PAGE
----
After lunch, we got to hike out to the red-footed bobby colony on the end of the island. Frigate birds and red-footed boobies have a big nesting ground there, and it’s a protected sanctuary for them. Apparently, these red-footed boobies are only found here, and the blue-footed ones are only found in the Galapagos. So there were lots of jokes about seeing half the boobies in the world, or going to the Galapagos so you could claim you’d seen all the boobies in the world. Divers are not necessarily always mature, but they’re fun people!

The third dive was the Aquarium, which has to be one of my favorite dive sites ever. There’s just a ton of fish. It really is like diving in an aquarium. We also saw another spotted eagle ray, which was cool.

Dinner that night was at Fido’s, only this time at their Italian steakhouse part of the restaurant. Let me tell you, this is the ONLY place I’ve been disappointed with the food at on the island. Don’t bother. Stay downstairs in the other part of the restaurant. MUUUUUCH tastier.

WEDNESDAY

While we thought it might be hard to top the Blue Hole, sharks, and boobies with local diving, we were wrong. Our first site of the day was Tacklebox Canyons, so named as it sits on the reef directly out from the Tacklebox Restaurant and Bar. It has a ton of swim-throughs, which were lots of fun. I also found an arrow crab, which are these tiny spidery crabs with bring purple pinchers. They’re adorable! Or at least as adorable as a crustacean can be. The dive was fabulous–good viz, fun swimming, neat fish. Plus, we got to see and hold a nurse shark!

But the next dive at Esmerelda…hoooweee! Our DM, Tony, brought down a large PVC pipe that was capped on each end and had holes drilled in it. And filled with fish. Suddenly there were nurse sharks everywhere! We probably had 20-30 nurse sharks. We sat really fairly close and just watched them filter feed on the fish bits for a long while. There was also a moray eel that was living in the area, and he was pretty spooked by our presence, but he did come out and swim around looking for some fish tidibts. He swam right across the back of my legs at one point, which was a little close for comfort given that another DM, Alex, had only that morning shown me his scars from a moray bite. Anyways, good stuff.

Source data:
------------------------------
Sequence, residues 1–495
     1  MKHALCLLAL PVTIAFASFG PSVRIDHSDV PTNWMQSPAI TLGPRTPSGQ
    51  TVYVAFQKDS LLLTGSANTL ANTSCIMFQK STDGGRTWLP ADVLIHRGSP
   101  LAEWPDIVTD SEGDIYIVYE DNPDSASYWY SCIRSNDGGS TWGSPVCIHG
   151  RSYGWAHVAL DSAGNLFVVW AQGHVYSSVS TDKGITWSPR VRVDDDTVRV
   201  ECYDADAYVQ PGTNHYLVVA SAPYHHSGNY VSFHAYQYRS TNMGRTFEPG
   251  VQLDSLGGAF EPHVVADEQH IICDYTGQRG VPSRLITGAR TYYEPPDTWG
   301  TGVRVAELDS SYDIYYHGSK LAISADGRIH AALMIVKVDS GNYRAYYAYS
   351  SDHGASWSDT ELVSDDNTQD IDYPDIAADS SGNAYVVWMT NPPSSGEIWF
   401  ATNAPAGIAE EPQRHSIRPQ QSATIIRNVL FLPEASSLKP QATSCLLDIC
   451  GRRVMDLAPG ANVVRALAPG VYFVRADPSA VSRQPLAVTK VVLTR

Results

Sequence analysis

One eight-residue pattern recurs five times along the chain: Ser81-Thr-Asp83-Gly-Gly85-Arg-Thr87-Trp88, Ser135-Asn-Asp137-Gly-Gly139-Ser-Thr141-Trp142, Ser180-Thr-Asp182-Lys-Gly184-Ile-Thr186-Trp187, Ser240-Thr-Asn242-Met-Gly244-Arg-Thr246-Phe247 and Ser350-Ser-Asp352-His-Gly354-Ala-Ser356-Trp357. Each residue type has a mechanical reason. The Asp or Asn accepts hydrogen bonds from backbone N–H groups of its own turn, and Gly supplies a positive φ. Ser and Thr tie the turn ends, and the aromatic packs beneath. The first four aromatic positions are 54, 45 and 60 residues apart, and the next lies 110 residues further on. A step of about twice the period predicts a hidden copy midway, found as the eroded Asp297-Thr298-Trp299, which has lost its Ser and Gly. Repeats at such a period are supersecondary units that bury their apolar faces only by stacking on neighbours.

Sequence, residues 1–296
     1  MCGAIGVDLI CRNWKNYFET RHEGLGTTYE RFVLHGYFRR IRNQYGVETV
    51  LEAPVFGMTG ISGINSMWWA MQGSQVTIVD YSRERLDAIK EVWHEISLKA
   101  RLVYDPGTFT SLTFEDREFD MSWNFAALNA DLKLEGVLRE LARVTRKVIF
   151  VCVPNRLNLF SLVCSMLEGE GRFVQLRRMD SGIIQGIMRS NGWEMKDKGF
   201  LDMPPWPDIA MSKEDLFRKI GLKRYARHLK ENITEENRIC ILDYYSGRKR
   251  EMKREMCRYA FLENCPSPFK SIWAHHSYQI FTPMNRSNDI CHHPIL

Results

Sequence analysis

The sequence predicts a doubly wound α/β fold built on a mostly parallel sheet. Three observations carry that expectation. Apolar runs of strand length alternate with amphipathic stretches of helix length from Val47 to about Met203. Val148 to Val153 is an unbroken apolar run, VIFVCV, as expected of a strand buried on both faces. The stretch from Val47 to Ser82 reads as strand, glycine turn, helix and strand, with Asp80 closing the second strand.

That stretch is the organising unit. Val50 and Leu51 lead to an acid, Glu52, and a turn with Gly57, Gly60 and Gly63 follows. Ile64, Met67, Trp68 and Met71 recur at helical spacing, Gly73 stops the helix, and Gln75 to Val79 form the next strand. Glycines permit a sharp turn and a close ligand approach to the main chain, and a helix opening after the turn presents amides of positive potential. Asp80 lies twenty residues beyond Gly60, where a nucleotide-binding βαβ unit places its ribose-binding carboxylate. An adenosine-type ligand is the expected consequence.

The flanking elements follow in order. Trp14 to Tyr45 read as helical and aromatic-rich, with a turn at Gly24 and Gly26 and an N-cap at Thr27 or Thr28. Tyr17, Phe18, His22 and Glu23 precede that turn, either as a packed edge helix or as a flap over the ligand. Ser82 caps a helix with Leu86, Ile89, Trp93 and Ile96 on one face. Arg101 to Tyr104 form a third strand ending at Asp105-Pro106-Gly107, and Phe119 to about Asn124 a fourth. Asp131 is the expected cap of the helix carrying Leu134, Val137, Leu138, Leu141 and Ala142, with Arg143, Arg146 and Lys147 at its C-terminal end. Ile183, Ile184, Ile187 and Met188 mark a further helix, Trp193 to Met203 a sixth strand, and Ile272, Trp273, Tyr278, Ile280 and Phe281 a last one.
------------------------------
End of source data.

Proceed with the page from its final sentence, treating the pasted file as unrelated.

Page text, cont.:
Tony caught some of the sharks but tugging on their tails. They’re really fairly docile as sharks go, and you’d pretty much have to insert your hand into their mouth and foce their jaws up and down to get them to bite you. He flipped them over on their backs and gave them to us to hold, cradled like a baby, and let us pet their tummies. It was adorable. There’s some good pictures out there of me doing this. I took off my gloves to better feel them, and they’re very sandpapery. There were also lots of groupers around, some fairly big.

We spent the afternoon wandering town, buying souveniers and some opal and diamond earrings that I liked, a early anniversary gift from John. Love that boy! Then we went to say a brief “hi” to my mother-in-law and some family friends who had arranged to be in Belize the same time as us, but had just arrived from the inland part of their trip. *sigh*

After that it was off for the night dive at Hol Chan Marine park. Again, no gloves, but fun. I spent a good part of the diving showing small fish to a grouper and a red snapper that followed us. When we shined our light on the fish, they went into hung mode, so I pretty much played god with fish for a good thirty minutes or so. I didn’t feed anyone any squirrelfish, though! We saw a bunch of eels out hunting, but none had any luck around us. I also found another arrowcrab, as well as lots of hermit crabs and conch out for midnight strolls. Additionally, we saw lots of sleeping parrotfish in their potective bubbles. And some of the those fish can get BIG! Big enough to rival groupers, which are huge!

John and I also spent time feeding bloodworms to brain coral. Bloodworms are these disgusting little things that are attracted to light, and brain coral feed on them, so if you hold your light close to the brain coral, the bloodworms swim by, get paralyzed, and then explode in a little puff of red. It was pretty much a night of death, actually. But in a good way. Just not if you were a little fish.